Competitor Keyword ad by product type – these are manual ads based on keyword research using a tool like Seller Labs Scope or Google Keyword Planner, depending on if you want to used a paid or free tool. The purpose with these is to take some of the traffic that your competitors are getting. This ad can be just phrase match, or also include broad match, but I’ve found the best results with phrase match. 

Proven Keyword ad by ASIN or product type – once you have good results with your automatic and competitor ads, move the keywords to a proven keyword campaign. Proven keyword ads should be phrase and exact match keywords in a manual advertisement, but exact match is generally best if you have a limited budget. 

Ranking Keyword ad by ASIN – once you have very good results from any specific phrase with your competitor keyword ad or proven keyword ad, you want to run a ranking keyword ad by ASIN (or parent ASIN). For this type of ad, I like to use MerchantWords to find phrases that contain my very successful phrase, then run exact match ads on these phrases, with no more than 20 excellent phrases culled from the MerchantWords results. 

Target Keyword ad by ASIN –  the majority of your budget during launch should be focused on your target keywords that you want to rank for. This should be based on the keywords that are most accurately representative of your product so that the keywords you rank well for are also the keywords that customers find you with. 

This approach basically tightens the net at each level so that you can eventually get to a really narrow, very successful advertisement for your product or products. Eventually, the automatic ads and competitor ads should be archived or lowered in budget so that you’re spending your advertising budget on the very successful optimized manual campaigns you’ve made (and these should be run as Sponsored Brands ads as well).

But to get the best results… use Coupons

Coupons show up as an orange banner or green box in the search results and prominently on the detail page next to “Add to Cart” making them much better at attracting customer attention than promotions (which don’t show on the search or prominently on the detail page) or sales, which show as a crossed out gray price.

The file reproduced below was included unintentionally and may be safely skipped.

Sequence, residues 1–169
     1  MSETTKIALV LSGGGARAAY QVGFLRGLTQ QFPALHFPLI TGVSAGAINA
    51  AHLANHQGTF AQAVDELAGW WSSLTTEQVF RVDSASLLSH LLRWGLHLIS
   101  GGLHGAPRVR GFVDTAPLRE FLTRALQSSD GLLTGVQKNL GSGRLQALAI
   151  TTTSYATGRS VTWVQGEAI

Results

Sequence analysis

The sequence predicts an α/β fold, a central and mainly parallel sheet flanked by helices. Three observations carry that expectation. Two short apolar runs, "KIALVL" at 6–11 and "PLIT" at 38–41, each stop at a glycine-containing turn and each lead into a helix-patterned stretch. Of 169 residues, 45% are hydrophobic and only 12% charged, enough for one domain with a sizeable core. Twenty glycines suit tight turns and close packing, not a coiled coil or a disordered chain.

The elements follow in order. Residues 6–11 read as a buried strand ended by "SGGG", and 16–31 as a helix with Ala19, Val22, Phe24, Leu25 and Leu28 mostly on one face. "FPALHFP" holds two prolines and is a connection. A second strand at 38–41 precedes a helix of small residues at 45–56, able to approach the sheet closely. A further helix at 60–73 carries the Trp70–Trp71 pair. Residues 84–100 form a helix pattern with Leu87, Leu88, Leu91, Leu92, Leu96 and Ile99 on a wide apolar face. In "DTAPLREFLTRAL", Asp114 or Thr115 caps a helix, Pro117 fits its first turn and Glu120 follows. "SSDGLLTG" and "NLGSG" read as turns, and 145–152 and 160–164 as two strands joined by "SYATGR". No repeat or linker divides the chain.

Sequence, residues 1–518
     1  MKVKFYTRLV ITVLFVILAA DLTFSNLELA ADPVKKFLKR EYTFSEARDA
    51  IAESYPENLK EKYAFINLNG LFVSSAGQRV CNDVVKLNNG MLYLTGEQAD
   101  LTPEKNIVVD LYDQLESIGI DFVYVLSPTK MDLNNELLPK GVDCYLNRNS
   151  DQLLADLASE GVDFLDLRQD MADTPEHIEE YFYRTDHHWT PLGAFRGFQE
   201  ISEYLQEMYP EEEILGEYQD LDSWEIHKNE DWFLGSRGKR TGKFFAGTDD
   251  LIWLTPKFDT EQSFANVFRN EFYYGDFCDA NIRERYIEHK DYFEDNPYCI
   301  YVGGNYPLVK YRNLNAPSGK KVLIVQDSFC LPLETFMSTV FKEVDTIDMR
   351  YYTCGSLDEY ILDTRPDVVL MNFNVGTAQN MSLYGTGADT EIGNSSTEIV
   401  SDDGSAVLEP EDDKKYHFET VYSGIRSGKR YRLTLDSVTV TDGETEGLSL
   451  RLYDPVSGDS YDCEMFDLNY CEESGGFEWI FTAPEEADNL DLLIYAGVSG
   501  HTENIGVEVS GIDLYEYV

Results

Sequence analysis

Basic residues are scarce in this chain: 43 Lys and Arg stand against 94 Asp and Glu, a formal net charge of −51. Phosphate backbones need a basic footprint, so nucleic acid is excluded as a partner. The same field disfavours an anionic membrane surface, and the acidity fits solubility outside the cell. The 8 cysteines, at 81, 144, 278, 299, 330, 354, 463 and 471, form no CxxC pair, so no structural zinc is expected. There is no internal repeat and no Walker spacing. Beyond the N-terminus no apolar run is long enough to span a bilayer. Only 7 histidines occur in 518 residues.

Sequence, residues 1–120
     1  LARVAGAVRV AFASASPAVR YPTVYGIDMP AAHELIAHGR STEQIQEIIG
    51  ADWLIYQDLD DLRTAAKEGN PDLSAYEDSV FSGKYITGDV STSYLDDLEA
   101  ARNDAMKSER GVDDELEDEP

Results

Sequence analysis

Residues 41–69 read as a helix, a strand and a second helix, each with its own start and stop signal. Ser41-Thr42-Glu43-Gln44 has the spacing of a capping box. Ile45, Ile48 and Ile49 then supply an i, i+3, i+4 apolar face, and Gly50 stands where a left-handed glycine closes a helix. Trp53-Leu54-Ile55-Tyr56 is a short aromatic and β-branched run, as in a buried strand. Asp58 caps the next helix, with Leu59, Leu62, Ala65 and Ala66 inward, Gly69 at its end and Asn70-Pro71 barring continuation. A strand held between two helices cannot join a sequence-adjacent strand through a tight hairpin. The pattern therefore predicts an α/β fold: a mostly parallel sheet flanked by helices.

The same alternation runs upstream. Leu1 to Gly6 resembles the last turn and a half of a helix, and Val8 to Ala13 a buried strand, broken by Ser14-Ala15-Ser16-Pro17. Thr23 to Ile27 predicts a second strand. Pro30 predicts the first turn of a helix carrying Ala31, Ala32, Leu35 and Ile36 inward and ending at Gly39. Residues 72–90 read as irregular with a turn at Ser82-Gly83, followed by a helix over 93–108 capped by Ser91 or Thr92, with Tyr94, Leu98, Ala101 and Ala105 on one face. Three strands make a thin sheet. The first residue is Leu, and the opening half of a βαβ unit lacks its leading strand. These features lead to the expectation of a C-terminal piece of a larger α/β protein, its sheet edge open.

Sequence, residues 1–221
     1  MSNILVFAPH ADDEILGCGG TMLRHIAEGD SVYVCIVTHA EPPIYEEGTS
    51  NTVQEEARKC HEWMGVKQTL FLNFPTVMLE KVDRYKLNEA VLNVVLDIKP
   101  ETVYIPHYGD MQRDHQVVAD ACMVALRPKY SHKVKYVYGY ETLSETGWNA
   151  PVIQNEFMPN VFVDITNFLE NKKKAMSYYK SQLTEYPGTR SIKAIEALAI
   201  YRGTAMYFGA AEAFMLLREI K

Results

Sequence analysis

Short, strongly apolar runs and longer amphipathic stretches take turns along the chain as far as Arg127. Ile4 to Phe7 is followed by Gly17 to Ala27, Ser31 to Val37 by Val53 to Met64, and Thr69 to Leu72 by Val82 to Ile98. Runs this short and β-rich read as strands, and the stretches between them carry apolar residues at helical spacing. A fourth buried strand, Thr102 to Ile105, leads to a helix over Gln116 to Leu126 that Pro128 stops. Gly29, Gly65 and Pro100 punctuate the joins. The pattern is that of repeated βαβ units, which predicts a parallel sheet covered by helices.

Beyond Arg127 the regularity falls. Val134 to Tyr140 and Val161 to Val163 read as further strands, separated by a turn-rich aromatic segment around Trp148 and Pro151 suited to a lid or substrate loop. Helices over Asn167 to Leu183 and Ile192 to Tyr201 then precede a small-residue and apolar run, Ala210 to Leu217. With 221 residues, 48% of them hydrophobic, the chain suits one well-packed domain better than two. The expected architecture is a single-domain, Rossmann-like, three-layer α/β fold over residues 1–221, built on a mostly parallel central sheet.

Why do coupons work? Nothing kills the Amazon algorithm’s trust in your sales ability like slowing sales. Nothing boosts its likelihood to show your product organically like increasing sales. 

So, the simplest and easiest way to boost conversion, and therefore teach the algorithm that you deserve to be shown in organic search on page one is to run a coupon — this is a number’s game. The coupon increases conversion on each keyword, thereby training Amazon to show your product more for that keyword organically. 

Coupons plus advertising is what boosts your sales — advertising gets it in front of new customers, and then coupons get them to convert, thereby teaching the algorithm to offer your product more often organically.

Give yourself time to learn - it’s not that easy to do well

For more information on how to use Advertising on Amazon, I’d like to invite you to our Q4 Advertising Challenge!

When I first moved to Seattle, before I worked at Amazon, my mom and uncle helped me move into my new apartment that was $750/month and 330 sq ft. It was tiny! And I had a lot of books, which my mom and uncle discovered to their chagrin as they helped me move – and my apartment was halfway up a block on “Profanity Hill” so named because it was so steep, it had you swearing by the time you reached the top. 

I moved back to Seattle last year, nearly 11 years after I originally moved here, and this time, I hired movers. Not only did I not have to carry any of my book boxes (yes!!), they also managed to get my 8 ft long custom built brown velvet Chesterfield sofa down a narrow hallway built in the 70’s and into my apartment through a door at the end of the hallway. 

It’s okay not to be an expert at something. Sometimes you need help to accomplish important and necessary things. Advertising on Amazon in a way that is profitable and builds your brand’s value may not be easy, but it’s one of the best ways to grow in a way that is sustainable over the long term. 

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About the Author
Rachel Johnson Greer is a global business strategist who specializes in helping entrepreneurs increase their internet product sales, curate their brand image online and avoid catastrophic legal threats. After getting her MBA in international business at Seattle University, she spent nearly a decade at Amazon working in product development. Since then, Rachel has founded companies that reached both multi-six figure and multi-seven figure growth in under three years.

As a business coach, she supports clients in everything from international product expansion to 4x-ing their sales through online retailers. Rachel is frequently sought out by the media and has appeared on the Today Show, CNBC, Business Insider, The Wall Street Journal and Bloomberg. When she’s not working with clients, she’s scaring friends at parties with stories about the most problematic online products she’s found in their homes. She lives in Seattle, Washington.